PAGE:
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1930s Loch Ness Monster theft plot revealed


Posted on Monday, 27 October, 2014 | Comment icon 15 comments

Museums were hoping to become the first to display Nessie's remains. Image Credit: Immanuel Giel
A prominent London museum once appealed to bounty hunters to help secure the body of the creature.
When sightings of the enigmatic Loch Ness Monster were first reported back in the 1930s, the creature's existence was taken quite seriously, even among academics.

Now a set of recently discovered documents from the time have revealed that London's Natural History Museum had been very keen indeed to become the first to display the monster's remains and to do so before any of the museums in Scotland.

In a letter dating back to 1934, an unnamed official wrote a response to queries about the museum's official stance on the monster in which he encouraged efforts to secure its remains.
"Should you ever come within range of the ‘Monster’ I hope you will not be deterred 
by humanitarian considerations from shooting him on the 
spot and sending the carcase to us in cold storage, carriage forward," he wrote. "Short of this, a flipper, a jaw or a tooth would be very welcome."

The documents were uncovered by author David Clarke who described them as "astonishing".

"During the 1930s, the monster became an important symbol for Scottish Nationalists who wanted the police to protect the creature from big game ­hunters," he said. "There was genuine outrage at the possibility that the corpse of the monster might be taken for display in London."

Source: Scotsman | Comments (15)

Tags: Loch Ness Monster

Recent comments on this story
Comment icon #6 Posted by bobb73 on 27 October, 2014, 17:31
I'm happy today's thinking doesn't include killing a possibly rare specie. With today's technology we should be able to produce hard facts and proof anytime now of this creature and othe elusive species. Although it won't be as entertaining a mystery when this happens.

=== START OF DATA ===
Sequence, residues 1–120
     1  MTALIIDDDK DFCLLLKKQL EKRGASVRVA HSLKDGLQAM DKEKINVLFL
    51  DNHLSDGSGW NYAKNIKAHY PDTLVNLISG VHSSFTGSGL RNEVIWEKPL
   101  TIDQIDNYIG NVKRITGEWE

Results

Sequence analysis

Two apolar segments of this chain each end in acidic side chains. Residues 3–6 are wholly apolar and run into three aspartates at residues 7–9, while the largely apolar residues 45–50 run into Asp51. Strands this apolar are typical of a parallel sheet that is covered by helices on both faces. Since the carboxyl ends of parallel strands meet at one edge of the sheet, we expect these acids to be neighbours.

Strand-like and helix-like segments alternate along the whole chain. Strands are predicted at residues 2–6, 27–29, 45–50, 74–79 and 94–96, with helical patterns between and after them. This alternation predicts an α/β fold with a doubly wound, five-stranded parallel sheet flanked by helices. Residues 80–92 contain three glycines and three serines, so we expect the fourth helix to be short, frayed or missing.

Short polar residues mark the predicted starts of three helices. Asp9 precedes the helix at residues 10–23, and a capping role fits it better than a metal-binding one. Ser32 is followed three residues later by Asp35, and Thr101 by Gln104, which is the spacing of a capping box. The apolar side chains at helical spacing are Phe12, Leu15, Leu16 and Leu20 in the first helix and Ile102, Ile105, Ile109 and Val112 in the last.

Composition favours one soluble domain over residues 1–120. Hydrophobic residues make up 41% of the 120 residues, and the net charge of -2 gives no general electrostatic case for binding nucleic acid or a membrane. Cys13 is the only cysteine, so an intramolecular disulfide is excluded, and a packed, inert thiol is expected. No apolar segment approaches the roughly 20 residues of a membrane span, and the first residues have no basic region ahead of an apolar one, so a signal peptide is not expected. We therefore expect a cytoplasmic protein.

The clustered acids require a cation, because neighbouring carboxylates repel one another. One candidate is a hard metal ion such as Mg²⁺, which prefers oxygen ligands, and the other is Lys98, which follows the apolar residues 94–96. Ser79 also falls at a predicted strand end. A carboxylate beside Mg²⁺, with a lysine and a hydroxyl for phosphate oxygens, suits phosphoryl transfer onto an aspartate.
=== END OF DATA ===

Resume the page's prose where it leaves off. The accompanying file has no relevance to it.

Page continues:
Comment icon #7 Posted by Stardrive on 27 October, 2014, 18:14
Since the 30's science has answered the question of how the Loch was formed. It was formed by thousands of years of intense glaciation and the Loch we know today is what remains after the glaciers retreated about 10k years ago. So the chances of a relic sauropod living there in modern times is slim to none and slims out of town.
Comment icon #8 Posted by Stardrive on 27 October, 2014, 18:15
double post
Comment icon #9 Posted by :PsYKoTiC:BeHAvIoR: on 27 October, 2014, 18:23
I think the used the wrong Bounty Hunter. If you need to capture a water based cryptid, this is the guy for the job... He probably had prior commitments, not to mention the one who hired him can choke hold someone to death.
Comment icon #10 Posted by paperdyer on 27 October, 2014, 18:44
Didn't someone(s) offer a similar "Dead or Alive" bounty hunt of Bigfoot? Which of course never came to fruition for either. What's wrong with some people?? You just don't go around killing a potentially unknown, and likely highly endangered, member of a species just because you want to make money off of it in a museum. Isn't that what humans do to "preserve" the species?
Comment icon #11 Posted by Mikenator on 27 October, 2014, 18:49
I once saw the Loch Ness monster he was hanging out in a puddle in front of my house after it rained I was like hey loch Ness monster what the hell are you doing sitting here in a puddle aren't you supposed to be in the loch ness then he started talking about how he needed tree fiddy to get home
Comment icon #12 Posted by Sundew on 28 October, 2014, 0:50
An outrage!! Had the Scots known this sooner, the vote to leave the Empire might have turned out differently!
Comment icon #13 Posted by Shayde on 28 October, 2014, 6:39
I remember reading about this years back! Can't recall where from mind, but one reason put forward as to why it wasn't a goer was simple. Somebody had the brains to realise that any "remains" brought in from the alas dead Nessie (and it would have been a case of "Oops, pardon us, but we had to kill it. Bloody thing just wouldn't play along..." might not have been that of an unknown animal but most like a whale or something on those lines!
Comment icon #14 Posted by psyche101 on 28 October, 2014, 6:53
So Hilarious in retrospect, yet people are still reporting Bigfoot. The mind boggles.
Comment icon #15 Posted by YukiEsmaElite0 on 28 October, 2014, 12:47
I really find the idea of a single plesiosaur living in the bottom of a lake really unlikely. Still, it'd be really cool. Maybe there's more than one of them...


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